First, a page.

Andhra Pradesh’s Kakinada city Municipal Commissioner, IAS Swapnil Pundkar, has devised a rather innovative method to deal with the city’s garbage littering issue.
Here, after due verification of facts, if a household is found dumping garbage on the streets, or in places where it should not, the Municipal Commissioner and his team tracks down the culprit and ensures that it is sent right back to the house, as a “return gift” from the city.
With about three weeks into the launch of what is being called the ‘return gift campaign’, Swapnil says that he is already getting to see a slight shift in the attitude of how people behave with respect to littering of garbage.
Speaking to The Better India, he says, “In Kakinada, we have almost 1200 sanitary workers, of which almost 900 of them are deployed to go door-to-door and collect garbage on a daily basis. Despite this, we found that people would take the liberty of dumping the garbage on the sides of the road or other such places.”
As a city, there is extensive monitoring and continuous surveys being conducted to ensure that the systems are working fine. Swapnil says, “We have installed RFID (radio-frequency identification) tags on the gates of houses in the city, which allows us to collect data on whether our sanitary worker has collected the garbage, if the household declined to hand over the garbage etc.” With this data, the team members were able to assess which houses were handing over garbage and which ones were dumping it on the road.
Need for change in mind-set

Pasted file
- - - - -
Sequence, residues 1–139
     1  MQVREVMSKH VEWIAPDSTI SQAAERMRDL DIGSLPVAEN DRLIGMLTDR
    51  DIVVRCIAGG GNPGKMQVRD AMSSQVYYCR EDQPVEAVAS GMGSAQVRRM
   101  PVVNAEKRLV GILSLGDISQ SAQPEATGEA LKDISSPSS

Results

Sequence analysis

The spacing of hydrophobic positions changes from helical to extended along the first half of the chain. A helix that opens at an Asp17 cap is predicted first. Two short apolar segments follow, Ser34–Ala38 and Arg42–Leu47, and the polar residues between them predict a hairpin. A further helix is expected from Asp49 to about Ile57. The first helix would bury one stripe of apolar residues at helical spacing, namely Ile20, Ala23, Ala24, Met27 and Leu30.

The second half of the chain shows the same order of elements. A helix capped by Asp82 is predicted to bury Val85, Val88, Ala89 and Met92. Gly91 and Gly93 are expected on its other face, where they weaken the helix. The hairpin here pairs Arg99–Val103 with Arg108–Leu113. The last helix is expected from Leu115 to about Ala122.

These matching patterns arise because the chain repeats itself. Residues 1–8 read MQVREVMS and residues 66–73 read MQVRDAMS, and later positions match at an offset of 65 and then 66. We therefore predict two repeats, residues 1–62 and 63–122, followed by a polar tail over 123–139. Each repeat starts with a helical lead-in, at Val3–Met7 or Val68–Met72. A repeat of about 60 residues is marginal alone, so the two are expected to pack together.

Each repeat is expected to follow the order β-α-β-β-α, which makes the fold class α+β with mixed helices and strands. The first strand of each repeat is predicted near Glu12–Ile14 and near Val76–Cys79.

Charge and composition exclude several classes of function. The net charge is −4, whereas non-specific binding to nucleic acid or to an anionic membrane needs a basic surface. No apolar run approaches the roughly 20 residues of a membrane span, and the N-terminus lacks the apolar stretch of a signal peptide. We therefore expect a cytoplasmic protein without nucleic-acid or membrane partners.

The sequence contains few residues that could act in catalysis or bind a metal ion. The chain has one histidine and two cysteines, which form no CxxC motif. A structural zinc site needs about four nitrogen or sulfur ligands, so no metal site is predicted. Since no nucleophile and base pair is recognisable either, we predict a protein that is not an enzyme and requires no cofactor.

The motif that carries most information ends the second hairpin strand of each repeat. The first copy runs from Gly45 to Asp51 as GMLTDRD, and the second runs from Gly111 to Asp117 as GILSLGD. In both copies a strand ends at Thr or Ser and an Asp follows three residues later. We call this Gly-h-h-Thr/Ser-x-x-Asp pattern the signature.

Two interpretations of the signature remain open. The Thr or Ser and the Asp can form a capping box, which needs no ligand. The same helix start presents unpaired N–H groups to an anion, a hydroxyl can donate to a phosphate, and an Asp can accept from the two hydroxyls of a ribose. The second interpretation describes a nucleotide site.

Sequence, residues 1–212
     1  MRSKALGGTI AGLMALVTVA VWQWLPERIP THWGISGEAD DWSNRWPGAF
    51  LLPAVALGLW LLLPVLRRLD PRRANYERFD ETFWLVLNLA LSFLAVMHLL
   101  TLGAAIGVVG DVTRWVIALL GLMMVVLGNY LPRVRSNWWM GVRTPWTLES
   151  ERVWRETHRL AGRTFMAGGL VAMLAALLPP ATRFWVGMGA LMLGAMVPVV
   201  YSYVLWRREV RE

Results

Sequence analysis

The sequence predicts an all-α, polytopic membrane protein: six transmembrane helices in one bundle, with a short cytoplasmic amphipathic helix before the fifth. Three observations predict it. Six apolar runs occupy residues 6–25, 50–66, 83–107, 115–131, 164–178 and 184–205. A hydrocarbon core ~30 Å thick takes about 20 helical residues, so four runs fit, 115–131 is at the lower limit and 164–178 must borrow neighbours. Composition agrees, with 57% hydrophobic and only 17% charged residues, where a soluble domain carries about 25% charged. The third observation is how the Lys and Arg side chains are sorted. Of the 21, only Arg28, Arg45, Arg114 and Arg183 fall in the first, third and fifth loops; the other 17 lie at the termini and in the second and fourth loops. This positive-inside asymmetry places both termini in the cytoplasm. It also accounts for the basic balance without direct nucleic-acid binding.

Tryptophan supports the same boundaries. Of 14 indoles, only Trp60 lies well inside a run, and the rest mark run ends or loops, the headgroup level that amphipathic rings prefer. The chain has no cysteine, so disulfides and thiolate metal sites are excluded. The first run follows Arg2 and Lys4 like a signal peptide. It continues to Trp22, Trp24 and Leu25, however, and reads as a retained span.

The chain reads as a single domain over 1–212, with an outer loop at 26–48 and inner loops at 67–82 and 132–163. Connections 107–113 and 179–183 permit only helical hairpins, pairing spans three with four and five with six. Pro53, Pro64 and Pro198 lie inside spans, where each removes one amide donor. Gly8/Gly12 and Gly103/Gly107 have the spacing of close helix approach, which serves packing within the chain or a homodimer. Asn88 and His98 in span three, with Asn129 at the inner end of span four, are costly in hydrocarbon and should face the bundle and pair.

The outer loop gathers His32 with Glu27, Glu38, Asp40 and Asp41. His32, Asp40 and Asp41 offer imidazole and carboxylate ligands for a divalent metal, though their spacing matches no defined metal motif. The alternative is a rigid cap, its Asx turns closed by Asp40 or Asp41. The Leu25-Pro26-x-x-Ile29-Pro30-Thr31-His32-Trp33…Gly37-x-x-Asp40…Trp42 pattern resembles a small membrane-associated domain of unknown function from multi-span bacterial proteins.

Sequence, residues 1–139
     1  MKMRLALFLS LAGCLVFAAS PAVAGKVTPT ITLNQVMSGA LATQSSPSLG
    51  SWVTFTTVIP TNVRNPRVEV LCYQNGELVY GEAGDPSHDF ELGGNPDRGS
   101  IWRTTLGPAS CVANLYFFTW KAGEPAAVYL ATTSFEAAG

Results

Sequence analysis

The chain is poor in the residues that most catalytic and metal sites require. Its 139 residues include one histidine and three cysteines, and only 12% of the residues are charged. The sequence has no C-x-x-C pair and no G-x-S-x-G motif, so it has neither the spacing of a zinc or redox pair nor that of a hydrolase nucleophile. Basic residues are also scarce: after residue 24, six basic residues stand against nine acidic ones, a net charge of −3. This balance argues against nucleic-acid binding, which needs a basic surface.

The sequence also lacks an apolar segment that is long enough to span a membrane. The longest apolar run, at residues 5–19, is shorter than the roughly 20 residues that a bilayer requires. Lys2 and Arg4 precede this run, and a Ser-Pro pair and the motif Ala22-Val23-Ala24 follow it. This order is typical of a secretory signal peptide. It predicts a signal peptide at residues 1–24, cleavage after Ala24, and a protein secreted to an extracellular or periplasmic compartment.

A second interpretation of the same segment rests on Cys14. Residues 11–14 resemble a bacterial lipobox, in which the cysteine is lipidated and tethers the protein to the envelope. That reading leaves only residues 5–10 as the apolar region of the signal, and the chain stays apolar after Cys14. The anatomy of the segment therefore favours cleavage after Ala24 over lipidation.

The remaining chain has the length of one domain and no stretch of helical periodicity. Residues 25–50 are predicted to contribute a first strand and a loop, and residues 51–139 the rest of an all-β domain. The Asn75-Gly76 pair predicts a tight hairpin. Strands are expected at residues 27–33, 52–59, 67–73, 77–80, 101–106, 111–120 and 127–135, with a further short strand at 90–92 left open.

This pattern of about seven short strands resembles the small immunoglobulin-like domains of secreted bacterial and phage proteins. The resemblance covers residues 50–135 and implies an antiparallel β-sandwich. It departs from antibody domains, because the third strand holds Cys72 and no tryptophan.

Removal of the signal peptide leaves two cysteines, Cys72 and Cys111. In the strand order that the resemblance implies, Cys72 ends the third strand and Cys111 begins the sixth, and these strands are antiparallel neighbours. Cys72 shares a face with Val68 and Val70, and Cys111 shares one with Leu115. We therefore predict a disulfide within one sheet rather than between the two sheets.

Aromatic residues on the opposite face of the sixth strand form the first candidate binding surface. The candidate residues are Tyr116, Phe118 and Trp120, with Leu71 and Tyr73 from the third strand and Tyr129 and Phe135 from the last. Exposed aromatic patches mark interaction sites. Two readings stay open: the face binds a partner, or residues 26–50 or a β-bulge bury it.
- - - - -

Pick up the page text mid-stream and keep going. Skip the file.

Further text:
“The process of monitoring which households do not hand over the garbage and create trouble was something that was being monitored for almost three months,” says Swapnil. The team started with having discussions with the citizens and while some of them saw reason and accepted the system, some others were vehement in saying that they wouldn’t hand over the garbage to the sanitary workers.
Swapnil mentions that some of their reasons were rather bizarre. “From saying that because my house help is not available during the time the sanitary workers come for the garbage collection to saying that because a neighbour is dumping the garbage on the street corner, they will also follow suit — we have had to hear some very strange justifications for their actions.” The fact that the house gates are fitted with the RFID tags helps the team ascertain whether or not the garbage has been handed over every morning. Swapnil says, “There were some households where for almost three to four days no garbage was handed over. One cannot possibly collect so many days’ garbage and keep it inside the house and so we started tracking these households.”
“I could not see the streets of my corporation lined with garbage, and thus we started the ‘return gift initiative’,” he says.
Beautifying Garbage Vulnerable Points
Garbage Vulnerable Points (GVP) are those areas where the garbage gets piled up because of the constant dropping of garbage by local residents, travellers, passerbys or in spots that earlier had dustbins.
“We have identified places that are GVP and are working towards ensuring that we change that,” says Swapnil. In Kakinada, when Swapnil took charge in June 2020, there were almost 150 GVPs and with consistent work over the last five months, they have reached 50 GVPs.
“Our biggest achievement has been the conversion of the fence sitters, who have actively started working towards maintaining cleanliness and not dumping garbage anywhere they please,” says Swapnil.
Swapnil is confident that this initiative will help in bringing about the much-needed change in mind-set. “If everyone starts to follow the rules, even the few who want to deviate will think twice,” he says in conclusion.
(Edited by Yoshita Rao)